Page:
Plant Profile: Sugar Pearl Sweet Corn Hybrid

Sugar Pearl is an early producing hybrid white sweet corn. As the name suggests it is pearly white and sugary sweet.

Stalks attain a height of about 5 to 6 feet and yield ears of 7 – 7.5 inch pearly white sweet corn. It is a relatively trouble-free variety of corn suitable for gardeners with short growing seasons.

It germinates in cooler soil than many other cultivars, soil temperatures as low as 55 F.

Sugar Pearl retains its flavor longer than most varieties, up to two weeks from maturity before the flavor begins to wane.

It is best harvested when kernels are completely formed, which is roughly 20 days after the first strands of silk appear.

It takes 70 – 75 days to mature.

Corn Should be planted in blocks as opposed to rows and should not be planted near other varieties of Corn [See – Isolating Corn.] as cross-pollination tends to produce poor tasting starchy corn.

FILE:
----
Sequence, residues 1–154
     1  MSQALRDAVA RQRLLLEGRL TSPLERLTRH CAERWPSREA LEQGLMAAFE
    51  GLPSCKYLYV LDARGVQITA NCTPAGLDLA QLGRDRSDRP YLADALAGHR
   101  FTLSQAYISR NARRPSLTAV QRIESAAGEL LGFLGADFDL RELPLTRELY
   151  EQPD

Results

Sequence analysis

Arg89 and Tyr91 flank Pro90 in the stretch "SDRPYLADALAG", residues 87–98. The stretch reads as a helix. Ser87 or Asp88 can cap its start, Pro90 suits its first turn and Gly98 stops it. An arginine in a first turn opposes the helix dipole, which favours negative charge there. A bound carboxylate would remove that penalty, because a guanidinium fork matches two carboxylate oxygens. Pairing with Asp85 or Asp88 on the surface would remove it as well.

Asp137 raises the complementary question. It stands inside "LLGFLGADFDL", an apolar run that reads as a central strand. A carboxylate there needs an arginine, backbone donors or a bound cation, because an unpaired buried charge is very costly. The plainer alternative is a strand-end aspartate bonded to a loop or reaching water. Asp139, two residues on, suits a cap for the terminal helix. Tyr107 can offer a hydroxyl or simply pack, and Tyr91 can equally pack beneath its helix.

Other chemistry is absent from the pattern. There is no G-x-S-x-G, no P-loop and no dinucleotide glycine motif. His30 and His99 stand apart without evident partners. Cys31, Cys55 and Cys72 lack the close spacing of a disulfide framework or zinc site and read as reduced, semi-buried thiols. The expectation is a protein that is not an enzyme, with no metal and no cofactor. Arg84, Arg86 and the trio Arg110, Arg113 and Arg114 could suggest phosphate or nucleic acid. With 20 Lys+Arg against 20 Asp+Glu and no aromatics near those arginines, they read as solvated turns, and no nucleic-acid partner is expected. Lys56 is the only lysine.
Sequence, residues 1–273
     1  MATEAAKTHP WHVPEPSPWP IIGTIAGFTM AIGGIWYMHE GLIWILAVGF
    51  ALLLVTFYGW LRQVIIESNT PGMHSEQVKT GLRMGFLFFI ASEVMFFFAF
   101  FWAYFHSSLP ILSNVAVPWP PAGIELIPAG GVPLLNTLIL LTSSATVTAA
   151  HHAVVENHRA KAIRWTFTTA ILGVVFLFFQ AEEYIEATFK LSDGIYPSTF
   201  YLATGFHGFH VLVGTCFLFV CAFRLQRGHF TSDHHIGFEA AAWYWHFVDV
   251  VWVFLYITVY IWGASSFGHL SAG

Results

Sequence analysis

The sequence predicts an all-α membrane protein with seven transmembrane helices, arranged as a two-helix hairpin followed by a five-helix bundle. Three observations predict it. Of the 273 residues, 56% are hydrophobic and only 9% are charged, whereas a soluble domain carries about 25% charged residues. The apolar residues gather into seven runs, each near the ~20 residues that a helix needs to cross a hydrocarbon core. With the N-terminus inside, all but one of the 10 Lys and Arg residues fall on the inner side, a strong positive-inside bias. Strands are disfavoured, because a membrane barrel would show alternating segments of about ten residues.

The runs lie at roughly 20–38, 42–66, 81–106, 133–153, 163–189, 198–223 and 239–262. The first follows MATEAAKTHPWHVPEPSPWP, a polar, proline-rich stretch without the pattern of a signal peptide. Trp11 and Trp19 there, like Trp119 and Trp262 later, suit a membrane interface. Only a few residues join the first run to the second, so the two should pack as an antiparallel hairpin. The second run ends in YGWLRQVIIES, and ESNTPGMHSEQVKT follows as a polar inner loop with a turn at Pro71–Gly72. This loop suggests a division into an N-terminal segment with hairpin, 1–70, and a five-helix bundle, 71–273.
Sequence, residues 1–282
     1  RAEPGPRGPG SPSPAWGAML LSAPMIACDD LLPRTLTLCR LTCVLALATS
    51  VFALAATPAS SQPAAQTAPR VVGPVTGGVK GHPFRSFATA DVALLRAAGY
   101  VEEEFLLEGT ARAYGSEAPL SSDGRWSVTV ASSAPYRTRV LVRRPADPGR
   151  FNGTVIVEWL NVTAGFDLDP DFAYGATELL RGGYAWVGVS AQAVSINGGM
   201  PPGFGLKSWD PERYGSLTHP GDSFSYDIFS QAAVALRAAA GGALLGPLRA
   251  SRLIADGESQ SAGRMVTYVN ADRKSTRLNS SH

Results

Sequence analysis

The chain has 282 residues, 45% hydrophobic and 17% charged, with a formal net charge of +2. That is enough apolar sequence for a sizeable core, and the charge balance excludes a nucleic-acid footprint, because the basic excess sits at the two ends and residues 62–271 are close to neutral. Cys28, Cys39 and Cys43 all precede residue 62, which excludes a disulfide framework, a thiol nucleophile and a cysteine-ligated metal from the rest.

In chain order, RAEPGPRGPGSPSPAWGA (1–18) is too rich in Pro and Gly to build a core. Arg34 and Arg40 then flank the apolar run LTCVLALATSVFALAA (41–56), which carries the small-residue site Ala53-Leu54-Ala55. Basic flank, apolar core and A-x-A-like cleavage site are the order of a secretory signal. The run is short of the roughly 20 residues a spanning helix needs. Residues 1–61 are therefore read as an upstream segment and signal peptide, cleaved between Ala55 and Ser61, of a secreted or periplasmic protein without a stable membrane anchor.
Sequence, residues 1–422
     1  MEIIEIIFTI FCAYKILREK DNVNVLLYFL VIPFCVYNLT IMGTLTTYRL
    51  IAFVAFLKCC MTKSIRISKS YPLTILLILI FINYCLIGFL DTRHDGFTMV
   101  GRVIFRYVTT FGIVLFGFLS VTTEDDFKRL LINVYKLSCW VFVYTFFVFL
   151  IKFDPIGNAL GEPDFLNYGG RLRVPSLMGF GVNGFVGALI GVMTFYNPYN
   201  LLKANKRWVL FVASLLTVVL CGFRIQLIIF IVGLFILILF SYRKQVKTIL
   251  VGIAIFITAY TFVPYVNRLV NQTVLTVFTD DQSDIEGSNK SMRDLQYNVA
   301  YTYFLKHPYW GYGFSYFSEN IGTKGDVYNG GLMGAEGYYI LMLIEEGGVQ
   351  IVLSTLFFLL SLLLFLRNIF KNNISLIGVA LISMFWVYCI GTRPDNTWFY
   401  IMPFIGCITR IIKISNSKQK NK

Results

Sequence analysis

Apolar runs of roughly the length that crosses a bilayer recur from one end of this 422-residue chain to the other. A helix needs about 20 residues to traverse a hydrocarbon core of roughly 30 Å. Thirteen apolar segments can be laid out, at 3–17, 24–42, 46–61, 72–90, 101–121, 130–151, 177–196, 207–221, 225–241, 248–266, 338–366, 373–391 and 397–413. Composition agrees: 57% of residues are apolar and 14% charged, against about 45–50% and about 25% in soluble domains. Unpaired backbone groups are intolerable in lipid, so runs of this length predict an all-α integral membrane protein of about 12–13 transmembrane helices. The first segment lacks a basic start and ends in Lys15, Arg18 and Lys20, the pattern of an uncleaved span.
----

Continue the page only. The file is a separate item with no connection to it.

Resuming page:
Sugar Pearl, as per some suppliers does not need to be isolated as other varieties do – this is just fine for the Sugar Pearl, but not necessarily the other variety.

Sugar Pearl Corn can be seeded directly into the soil, or it can also be started indoors and later transplanted. Whichever mode you choose, Plant it in blocks, at least four rows wide, for proper pollination and well-filled ears

Sugar Pearl Corn Growing Requirements and Facts

  • Sowing depth Aprox. 1.5 – 2 inches
  • Germination 6 to 8 days
  • Maturity at 70 – 75 days.
  • Color – White
  • Seed Spacing – 8 to 10 inches apart.
  • Row spacing – 3 – 3.5 feet
  • USDA Hardiness Zones 3- 11
  • Plant Size 5 – 6 Feet Tall
  • Ear Size – 7 – 7.5 Inches Long
  • Full Sun
  • Average Yields per Sq. Footage – Anticipate 1 – 3 Ears per Stalk.

Getting Started Growing Sugar Pearl Sweet Corn

Corn has shallow roots, and uses a lot of nitrogen as well as trace elements.

To help your crop get off to the best start possible, prepare the soil first with a nitrogen-rich fertilizer. Well, rotted manure or compost is also helpful.

Plant in the northern side of the garden as corn stalks will deny sunlight to the rest of your garden crops, you also might want to grow somewhere it will provide shade to plants that can not tolerate full sunlight.